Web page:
Tuesday, June 12, 2007
Lady Georgie; animated drama / romance series, Japan, 1983; D: Shigetsuga Yoshida, S: Yuriko Yamamoto, Hideyuki Hori, Isao Nagahisa, Miyuki Ueda, Eiko Yamada, Reiko Kifuji
19th Century. Family Bateman is living in a farm somewhere in Australia's countryside. It consists of mother, father and their two little kids, Arthur and Abel. One night, the father finds a woman trapped by a fallen tree. She is a wife of an convict and dies, so he adopts her little baby blond girl and gives her the name Georgie. Equipped with a golden bracelet, Georgie was never told she is adopted. In an accident, when he was trying to save her from a river, the father was injured and died, and since then the mother always despised Georgie. But the situation will become even more complicated when the kids grow up into teenagers: Arthur and Abel's lives became very unpleasant since they both fell in love with Georgie, not regarding her as a sister, and ignoring other girls. But she falls in love with a British lord, Lowell. The mother finally looses her patience and tells Georgie she is not her daughter, rejecting her from her home. Georgie boards a ship to go to Lowell, and Arthur and Abel eventually follow. Lowell breaks his engagement with Elise for Georgie and gets disinherited. The couple lives in poor circumstances, so Georgie brings Lowell back to Elise, since he became sick and couldn't afford medicine. Georgie, Arthur and Abel eventually returned to Australian soil.
Incredibly emotional and refreshingly uncynical and serious Anime series from Japan deservedly enjoy cult status, and "Lady Georgie" is a small classic of shojo genre. Nobody can show such emotions on the characters's faces like the Anime authors (for instance, in the scene where Georgie is in her bed thinking about Lowell's eyes) while the story somehow manages to make the characters from the 19th Century seem close and real, to make the conflict between two brothers over the love for their foster sister exciting until the end, although the story ends rather openly, while the title heroine seems amazingly realistic, irresistibly cute, innocent, honest and introverted, where a crucial scene where she is naked (after being saved from drowning) only deepens her fragile state. Still, leaving the slightly loose structure aside, "Lady Georgie" suffers from unnecessarily childish pilot episodes from the childhood of the characters and from a weak ending. But as a whole the story is a dream for melancholic Anime fans, a beautiful "impossible" quadruple romance with a shining sense for touching drama.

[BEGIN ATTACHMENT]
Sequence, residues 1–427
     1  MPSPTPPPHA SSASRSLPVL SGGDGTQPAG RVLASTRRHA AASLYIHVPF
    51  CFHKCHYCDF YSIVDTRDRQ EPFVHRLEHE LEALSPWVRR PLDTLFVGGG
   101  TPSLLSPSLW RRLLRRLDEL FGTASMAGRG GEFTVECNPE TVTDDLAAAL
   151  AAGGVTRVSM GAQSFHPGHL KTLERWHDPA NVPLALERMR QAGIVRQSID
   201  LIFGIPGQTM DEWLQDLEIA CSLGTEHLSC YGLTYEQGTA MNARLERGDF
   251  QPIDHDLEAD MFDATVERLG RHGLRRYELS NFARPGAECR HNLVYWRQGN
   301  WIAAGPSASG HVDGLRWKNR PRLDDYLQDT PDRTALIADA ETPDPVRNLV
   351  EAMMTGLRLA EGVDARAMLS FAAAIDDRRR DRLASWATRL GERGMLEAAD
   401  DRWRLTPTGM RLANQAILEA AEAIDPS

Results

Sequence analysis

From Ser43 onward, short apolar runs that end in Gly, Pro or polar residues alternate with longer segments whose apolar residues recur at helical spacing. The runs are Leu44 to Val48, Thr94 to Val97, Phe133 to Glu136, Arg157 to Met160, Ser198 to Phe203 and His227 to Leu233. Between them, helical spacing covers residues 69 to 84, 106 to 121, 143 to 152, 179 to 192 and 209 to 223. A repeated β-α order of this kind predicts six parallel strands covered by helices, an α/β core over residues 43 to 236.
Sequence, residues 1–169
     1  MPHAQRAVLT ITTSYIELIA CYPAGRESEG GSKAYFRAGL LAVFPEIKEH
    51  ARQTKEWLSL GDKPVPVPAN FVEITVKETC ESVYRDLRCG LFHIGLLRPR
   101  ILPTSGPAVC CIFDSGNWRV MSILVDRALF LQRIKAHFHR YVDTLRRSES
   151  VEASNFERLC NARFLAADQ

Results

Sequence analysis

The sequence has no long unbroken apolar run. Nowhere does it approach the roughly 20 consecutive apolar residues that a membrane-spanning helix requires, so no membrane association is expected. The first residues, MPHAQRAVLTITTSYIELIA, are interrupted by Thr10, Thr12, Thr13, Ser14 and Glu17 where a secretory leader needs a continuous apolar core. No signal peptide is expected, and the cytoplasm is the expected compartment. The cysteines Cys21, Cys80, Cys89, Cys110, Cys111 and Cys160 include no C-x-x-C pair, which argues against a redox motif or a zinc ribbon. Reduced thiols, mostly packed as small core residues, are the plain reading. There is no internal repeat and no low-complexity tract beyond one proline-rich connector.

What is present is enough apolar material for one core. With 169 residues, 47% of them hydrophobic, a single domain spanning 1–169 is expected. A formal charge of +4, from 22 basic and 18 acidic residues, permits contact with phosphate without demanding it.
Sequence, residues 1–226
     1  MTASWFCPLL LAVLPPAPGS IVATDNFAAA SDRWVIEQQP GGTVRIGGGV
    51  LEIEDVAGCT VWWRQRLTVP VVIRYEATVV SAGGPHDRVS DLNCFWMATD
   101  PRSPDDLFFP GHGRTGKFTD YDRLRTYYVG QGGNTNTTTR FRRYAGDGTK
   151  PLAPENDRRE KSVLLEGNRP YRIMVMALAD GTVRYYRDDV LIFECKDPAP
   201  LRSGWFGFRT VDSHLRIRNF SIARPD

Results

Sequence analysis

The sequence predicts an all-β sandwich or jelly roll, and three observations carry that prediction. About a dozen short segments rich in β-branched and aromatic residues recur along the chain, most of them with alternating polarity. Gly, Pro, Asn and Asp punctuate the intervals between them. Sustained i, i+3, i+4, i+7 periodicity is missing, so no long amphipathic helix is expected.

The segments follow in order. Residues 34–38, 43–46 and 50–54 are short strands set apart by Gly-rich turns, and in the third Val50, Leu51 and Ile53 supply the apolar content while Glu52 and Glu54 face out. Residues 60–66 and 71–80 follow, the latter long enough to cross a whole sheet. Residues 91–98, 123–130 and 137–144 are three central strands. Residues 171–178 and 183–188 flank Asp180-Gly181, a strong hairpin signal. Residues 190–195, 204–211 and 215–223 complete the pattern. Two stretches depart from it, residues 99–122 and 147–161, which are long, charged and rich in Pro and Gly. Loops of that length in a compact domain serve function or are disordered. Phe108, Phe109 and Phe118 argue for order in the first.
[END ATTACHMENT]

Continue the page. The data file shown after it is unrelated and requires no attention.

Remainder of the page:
All the highlights of this 45 episodes long series mostly play out during the teenage part of the story and feature amazing situations, sometimes even with a little touch of humor. For instance, in one of them, Abel saves a rich, spoiled girl, Becky, who was riding on a horse out of control. The scene where she looks at him with those eyes is magic. She later invites him, Arthur and Georgie to her home where she licks his wound on his arm, making him confused and leave. In another, Arthur accidentally spots Georgie in a cleavage on a window and becomes all red. She wants to wash the laundry and takes her "brother's" clothes off thinking that's normal, while he is even more ashamed to be in underwear in front of her. In a brilliant parallel continuation to this situation, Georgie meets Lowell, a young British Aristocrat, in a meadow, and jumps with her horse over him, making him fall in a creek. In an automatic house sitter reaction, she starts taking Lowell's clothes off in order to wash to them, but in the middle of the process, she realizes what she is doing and becomes all red, abruptly leaving the place. Even the most simple, irrelevant situations, gently portray the feeling of the confusing, nostalgic teenager hood, like in the scene where Georgie wears a fancy dress for the first time, observing herself on the reflection of the creek, noting how the cleavage of the dress is too big for her breasts. "Lady Georgie" is a humane and psycholigcally rich (melo)drama, capturing the weirdness of change, an animated feature so real, so gentle it will make you wonder if the real world is hiding in animation.